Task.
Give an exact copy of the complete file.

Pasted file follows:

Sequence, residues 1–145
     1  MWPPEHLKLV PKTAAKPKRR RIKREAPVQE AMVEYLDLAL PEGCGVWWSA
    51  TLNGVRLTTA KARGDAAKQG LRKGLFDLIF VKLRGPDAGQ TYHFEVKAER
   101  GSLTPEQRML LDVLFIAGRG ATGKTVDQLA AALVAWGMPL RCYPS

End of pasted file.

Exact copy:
Sequence, residues 1–145
     1  MWPPEHLKLV PKTAAKPKRR RIKREAPVQE AMVEYLDLAL PEGCGVWWSA
    51  TLNGVRLTTA KARGDAAKQG LRKGLFDLIF VKLRGPDAGQ TYHFEVKAER
   101  GSLTPEQRML LDVLFIAGRG ATGKTVDQLA AALVAWGMPL RCYPS